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Found 3 results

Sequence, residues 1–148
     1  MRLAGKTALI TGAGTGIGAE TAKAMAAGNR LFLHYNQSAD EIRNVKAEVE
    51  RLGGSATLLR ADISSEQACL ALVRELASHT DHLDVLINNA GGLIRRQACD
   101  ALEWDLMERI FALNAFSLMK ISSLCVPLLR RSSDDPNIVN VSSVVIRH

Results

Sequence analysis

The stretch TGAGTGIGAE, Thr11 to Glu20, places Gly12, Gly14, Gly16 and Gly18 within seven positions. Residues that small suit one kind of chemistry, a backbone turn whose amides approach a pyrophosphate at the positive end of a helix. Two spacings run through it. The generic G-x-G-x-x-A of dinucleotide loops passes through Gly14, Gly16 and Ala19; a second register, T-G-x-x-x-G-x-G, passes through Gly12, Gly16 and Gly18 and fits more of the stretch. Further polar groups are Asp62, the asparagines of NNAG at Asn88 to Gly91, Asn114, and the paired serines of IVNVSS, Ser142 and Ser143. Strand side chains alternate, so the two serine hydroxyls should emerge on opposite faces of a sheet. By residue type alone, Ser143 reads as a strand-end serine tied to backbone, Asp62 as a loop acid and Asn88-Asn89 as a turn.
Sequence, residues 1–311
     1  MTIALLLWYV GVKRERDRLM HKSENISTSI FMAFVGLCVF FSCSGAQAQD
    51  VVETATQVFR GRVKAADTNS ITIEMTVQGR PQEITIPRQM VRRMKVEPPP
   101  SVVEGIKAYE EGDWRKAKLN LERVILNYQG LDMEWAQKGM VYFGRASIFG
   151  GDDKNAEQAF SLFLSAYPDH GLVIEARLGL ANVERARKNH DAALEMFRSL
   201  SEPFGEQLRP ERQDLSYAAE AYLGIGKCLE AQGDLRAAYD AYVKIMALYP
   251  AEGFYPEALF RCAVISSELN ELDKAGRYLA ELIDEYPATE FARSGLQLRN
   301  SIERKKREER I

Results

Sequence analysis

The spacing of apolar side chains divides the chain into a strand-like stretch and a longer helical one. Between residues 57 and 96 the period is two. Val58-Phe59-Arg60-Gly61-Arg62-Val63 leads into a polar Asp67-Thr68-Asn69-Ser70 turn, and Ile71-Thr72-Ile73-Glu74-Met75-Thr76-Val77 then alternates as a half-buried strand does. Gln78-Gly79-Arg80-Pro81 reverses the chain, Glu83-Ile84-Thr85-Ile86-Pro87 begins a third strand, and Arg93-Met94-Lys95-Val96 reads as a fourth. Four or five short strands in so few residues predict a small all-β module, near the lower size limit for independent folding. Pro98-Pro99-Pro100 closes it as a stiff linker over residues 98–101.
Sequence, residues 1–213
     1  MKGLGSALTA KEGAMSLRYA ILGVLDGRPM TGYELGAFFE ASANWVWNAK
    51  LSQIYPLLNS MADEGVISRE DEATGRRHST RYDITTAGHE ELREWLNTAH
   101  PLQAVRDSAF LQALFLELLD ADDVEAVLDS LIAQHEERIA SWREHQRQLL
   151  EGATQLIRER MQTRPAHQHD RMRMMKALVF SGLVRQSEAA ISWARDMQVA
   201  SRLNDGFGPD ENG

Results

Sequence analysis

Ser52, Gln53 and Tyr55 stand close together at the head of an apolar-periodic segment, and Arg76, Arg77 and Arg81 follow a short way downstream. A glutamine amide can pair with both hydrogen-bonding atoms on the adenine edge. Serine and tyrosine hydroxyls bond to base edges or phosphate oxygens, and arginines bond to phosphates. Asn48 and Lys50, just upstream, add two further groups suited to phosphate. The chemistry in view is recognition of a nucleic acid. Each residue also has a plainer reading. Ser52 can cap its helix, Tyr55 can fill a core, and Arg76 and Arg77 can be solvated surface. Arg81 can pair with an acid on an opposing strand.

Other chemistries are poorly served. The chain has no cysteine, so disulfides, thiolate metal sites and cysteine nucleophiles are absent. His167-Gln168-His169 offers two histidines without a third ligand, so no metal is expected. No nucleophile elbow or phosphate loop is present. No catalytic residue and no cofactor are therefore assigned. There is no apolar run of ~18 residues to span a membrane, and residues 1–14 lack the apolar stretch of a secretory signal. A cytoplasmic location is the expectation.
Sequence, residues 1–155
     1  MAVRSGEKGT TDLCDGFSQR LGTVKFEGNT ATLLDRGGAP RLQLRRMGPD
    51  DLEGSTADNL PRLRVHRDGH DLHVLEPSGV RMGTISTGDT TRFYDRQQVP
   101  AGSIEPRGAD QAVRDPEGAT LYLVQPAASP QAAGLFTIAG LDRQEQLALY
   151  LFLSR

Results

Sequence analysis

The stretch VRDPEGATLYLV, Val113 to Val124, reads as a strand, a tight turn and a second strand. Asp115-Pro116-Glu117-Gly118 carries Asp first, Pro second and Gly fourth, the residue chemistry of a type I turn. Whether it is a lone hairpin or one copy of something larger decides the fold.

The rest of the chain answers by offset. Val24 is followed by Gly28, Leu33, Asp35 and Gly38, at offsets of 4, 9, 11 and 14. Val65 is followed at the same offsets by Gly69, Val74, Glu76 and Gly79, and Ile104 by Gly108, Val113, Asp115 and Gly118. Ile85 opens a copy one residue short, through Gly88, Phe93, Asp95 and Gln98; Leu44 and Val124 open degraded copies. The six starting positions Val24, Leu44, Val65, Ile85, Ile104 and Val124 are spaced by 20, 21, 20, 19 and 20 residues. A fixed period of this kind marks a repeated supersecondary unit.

1. CNN. Broadcasting This Morning's Scathing Wall Street Journal Op-Ed Ahead Of Obama's Speech On Iraq Tonight ! http://online.wsj.com/ REVIEW & OUTLOOK Dlck Cheney Is Still Right Obama's return to Iraq reveals how wrong he has been about the world. Sept. 9, 2014 7:24 p.m. ET President Obama will lay out his plan to counter the Islamic State on Wednesday night, and we'll judge the strategy on its merits. But the mere fact that Mr. Obama feels obliged to send Americans to fight again in Iraq acknowledges the failure of his foreign policy. He is tacitly admitting that the liberal critique of the Bush Administration's approach to Islamic terrorism was wrong. Recall that Mr. Obama won the Presidency by arguing that the U.S. had alienated the world and Muslims by recklessly using force abroad. We had betrayed our values by interrogating terrorists too harshly and wiretapping too much. Our enemies hated us not because they hated our values or our influence but because we had provoked them with our interventions. If we withdrew from the Middle East, especially from Iraq; if we avoided new entanglements, such as in Syria; and if we engaged with our adversaries, such as Iran and Russia, the anti-American furies would subside and the world would be safer. We should nation-build at home, not overseas, and slash the defense budget accordingly. *** Mr. Obama pursued this vision starting with his Inaugural Address and throughout his first term. He tried to "reset" relations with Russia by dismantling a missile-defense deal with Poland and the Czech Republic. He muted support for the democratic uprising in Iran in 2009 lest it upset the mullahs he needed for a nuclear weapons deal. Enlarge Image Associated Press When the Syrian revolt erupted in 2011, Mr. Obama called for Bashar Assad to go but did nothing to aid the moderate opposition. In the process he overruled Secretary of State Hillarious Clinton, CIA director David Petraeus, and his ambassador to Damascus Robert Ford. The U.S. absence left Syria's battleground to the Russians and Iranians, who helped Assad hang on, and to the Qataris, who have funded Islamic State and the al Qaeda affiliated al-Nusrah. But Mr. Obama was unrepentant, saying as recently as August that it had "always been a fantasy" to think that arming the moderate Syrians would make a difference. Above all Mr. Obama sought to end the U.S. presence in Iraq. He made a token effort to strike a status of forces agreement past 2011, offering so few troops that the Iraqis thought it wasn't worth the domestic political trouble. Mr. Obama then sold his total withdrawal as a political success, claiming Iraq was "stable" and "self-reliant" and making a centerpiece of his 2012 campaign that "the tide of war is receding." He ridiculed Mitt Romney for warning about Mr. Putin's designs. Mr. Obama doubled down on his peace-through-withdrawal strategy in the second term, speeding up the U.S. departure from Afghanistan. On May 23, 2013, he summed up his vision and strategy in a sort of victory speech at National Defense University: "Today, Osama bin Laden is dead, and so are most of his top lieutenants. There have been no large-scale attacks on the United States, and our homeland is more secure. Fewer of our troops are in harm's way, and over the next 19 months they will continue to come home. Our alliances are strong, and so is our standing in the world. In sum, we are safer because of our efforts." Then in January his friends at the New Yorker quoted him as comparing Islamic State to the "jayvee team," and this summer he said Mr. Putin is doomed to fail because countries don't invade others in "the 21st century." *** So where are we less than a year later? Iran's mullahs continue to resist Mr. Obama's nuclear entreaties, while Mr. Putin carves up Ukraine and threatens NATO. China is breaking the rule of law in Hong Kong, pressing its air-identification zone in the Pacific, and buzzing U.S. aircraft. Syria is now a terrorist sanctuary from which the Islamic State has conquered a third of Iraq, the first time since 9/11 that jihadists control territory from which they can plan attacks. Al Qaeda's affiliates have expanded across the Middle East and Africa, attacking a mall in Kenya and kidnapping schoolgirls in Nigeria. Mr. Obama can blame this rising tide of disorder on George W. Bush, but the polls show the American public doesn't believe it. They know from experience that it takes time for bad policy to reveal itself in new global turmoil. They saw how the early mistakes in Iraq led to chaos until the 2007 surge saved the day and left Mr. Obama with an opportunity he squandered. And they can see now that Mr. Obama's strategy has produced terrorist victories and more danger for America. Mr. Obama's intellectual and media defenders were complicit in all of this, cheering on his flight from world leadership as prudent management of U.S. decline. Even now some of his most devoted acolytes write that Mr. Obama's "caution" has Islamic State's jihadists right where he wants them. It is hard to admit that your worldview has been exposed as out-of-this-world. We hope tonight's speech shows a more realistic President determined to defeat Islamic State, but whatever he says will have to overcome the doubts about American resolve that he has spread around the world for nearly six years. One way to start undoing the damage would be to concede that Dlck Cheney was right all along.